Someone brought a dog to church yesterday. I'm still shaking my head.
There was a baptism being held of a biggish baby boy - you know, a baby, but not exactly a newborn - and the proud parents had assembled enough supportive family to fill three pews at the front of the church. There were two sets of grandparents, although the Grandmas sat separately from the Grandpas; a Godmother, clearly a sibling of the baby's mother, dressed appropriately for the occasion in a dress that barely cleared her rear end; a pair of preschool-aged twin boys, brothers to said baby, busily playing on their iPads; a cute little girl, sitting with Grandma, who I'm guessing belonged to Miss Hot Godmother; and in pew number three, Lucky the Labrador. The woman who brought Lucky looked to be a sibling of one of the baby's parents, but as the adults of this family did not so much as look at each other throughout the entire baptismal experience, it's hard to say who was connected to whom. And to be clear, Lucky was not a dog with a job to do. He was just big, yellow shaggy animal trying to get comfortable on the floor inside pew number three.
Religion is not a subject I talk about with ease. Case in point, I've never before mentioned here that I regularly attend church. I struggle with faith as I imagine most people do. After fitfully exploring other denominations in my twenties and thirties, I returned to the one I was raised in and I am doing the best I can to help the Tornadoes form a foundation in it. I believe it's important for them to have, so that when they get done flopping around in the narcissistic, spiritually bereft cesspool of American youth, they will have a reference point for figuring out what's next. Also, I find that I like the practice of my faith, much in the way I like working out and writing: I like having done it. Not so much having 4:00 Mass looming ahead of me on a hot, sunny Saturday afternoon. But around 5:15, I feel pretty good.
So I'm not perfect, and I try not to judge. But this family, with the biggish baby boy? Oh, Lordy. As it turned out, Lucky was the best behaved of the bunch. I really tried not to stare, as I'm sure most everyone else tried not to, either (except for a couple of old ladies who were just not having it. They stared with every ounce of their nun-raised indignation, dear things). I tried not to stare when the twin boys paraded up with their family to the baptismal font with their iPads in hand; when one of them, grown bored with his baby brother's ceremony after ninety seconds, parked his butt on the steps of the altar and played his game for the crowd; when Lucky was walked outside to do his business just as the collection basket approached his owner. I tried to avert my eyes when Bored Twin began beating on the pew with the cardboard box from his brother's candle. It was a little harder to not see him dodging his mother with a smirk on his face as she tried to grab the front of his shirt. Then he ran down the center aisle and out the door with this mother in pursuit, so, you know. We all got back to business.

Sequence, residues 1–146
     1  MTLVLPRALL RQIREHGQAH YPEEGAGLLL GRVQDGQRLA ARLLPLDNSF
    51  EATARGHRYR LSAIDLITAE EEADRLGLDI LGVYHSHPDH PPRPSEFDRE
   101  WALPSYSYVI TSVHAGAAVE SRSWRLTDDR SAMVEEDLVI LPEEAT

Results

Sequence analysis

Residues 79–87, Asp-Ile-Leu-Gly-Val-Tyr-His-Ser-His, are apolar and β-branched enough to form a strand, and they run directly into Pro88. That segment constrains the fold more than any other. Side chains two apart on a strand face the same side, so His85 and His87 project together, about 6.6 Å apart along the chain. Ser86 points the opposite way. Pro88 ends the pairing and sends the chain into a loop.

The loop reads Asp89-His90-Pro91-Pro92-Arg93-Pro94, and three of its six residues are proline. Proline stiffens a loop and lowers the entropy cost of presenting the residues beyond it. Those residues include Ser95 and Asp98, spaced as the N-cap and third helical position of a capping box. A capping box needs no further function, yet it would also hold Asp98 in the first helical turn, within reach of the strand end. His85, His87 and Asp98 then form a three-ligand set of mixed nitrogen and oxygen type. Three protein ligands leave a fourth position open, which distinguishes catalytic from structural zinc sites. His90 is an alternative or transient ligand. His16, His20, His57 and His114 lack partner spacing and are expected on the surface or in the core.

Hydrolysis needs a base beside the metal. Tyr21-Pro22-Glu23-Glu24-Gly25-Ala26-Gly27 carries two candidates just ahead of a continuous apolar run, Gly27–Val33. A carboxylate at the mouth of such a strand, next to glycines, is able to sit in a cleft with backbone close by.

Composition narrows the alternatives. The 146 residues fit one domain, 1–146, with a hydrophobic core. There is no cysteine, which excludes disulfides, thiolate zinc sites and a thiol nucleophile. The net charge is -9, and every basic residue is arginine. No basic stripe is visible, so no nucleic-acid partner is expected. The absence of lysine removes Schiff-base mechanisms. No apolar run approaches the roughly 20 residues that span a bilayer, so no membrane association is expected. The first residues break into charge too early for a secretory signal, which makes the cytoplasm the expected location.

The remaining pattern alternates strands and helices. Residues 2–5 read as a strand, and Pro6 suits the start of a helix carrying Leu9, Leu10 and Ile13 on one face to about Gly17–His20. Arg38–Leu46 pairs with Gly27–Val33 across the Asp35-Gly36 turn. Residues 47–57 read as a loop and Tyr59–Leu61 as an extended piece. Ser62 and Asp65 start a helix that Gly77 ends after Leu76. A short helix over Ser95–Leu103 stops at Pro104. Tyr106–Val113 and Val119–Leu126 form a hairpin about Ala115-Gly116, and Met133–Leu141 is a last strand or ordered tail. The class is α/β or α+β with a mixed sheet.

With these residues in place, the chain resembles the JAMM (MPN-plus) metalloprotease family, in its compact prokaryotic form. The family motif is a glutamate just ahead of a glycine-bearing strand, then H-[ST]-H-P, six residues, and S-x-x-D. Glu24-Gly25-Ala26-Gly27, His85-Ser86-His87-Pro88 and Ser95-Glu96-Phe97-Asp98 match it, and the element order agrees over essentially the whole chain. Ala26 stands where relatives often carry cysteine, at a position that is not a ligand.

Lucky returned in time for Communion, but the concept seemed to baffle the entire family. I'm not sure any of them had ever actually been to church before. Which is fine, but begs the question: why are you here now? After some fidgeting and individual contemplation (like I said, zero interaction the entire time), a few of them chose to belatedly participate. Namely, Hot Godmother and her offspring. They cut the line in different places. Hot Godmother did not wish to wait the extra second for her morsel of bread to be placed in her hand and instead snatched it from the woman's approaching fingers. Her daughter, upon not finding this filling enough, returned to her seat and produced a large, noisy bag of snacks which kept us all occupied for the remainder of the service.
I think those old ladies would have liked to offer their congratulations to the parents afterwards. Unfortunately, the whole hot mess practically ran to their cars. Their three separate cars. Parked very far away from each other. What else can I say? I'm guessing there was no after party for that baby boy. On a positive note, I can now check "seeing a dog in church" off my list.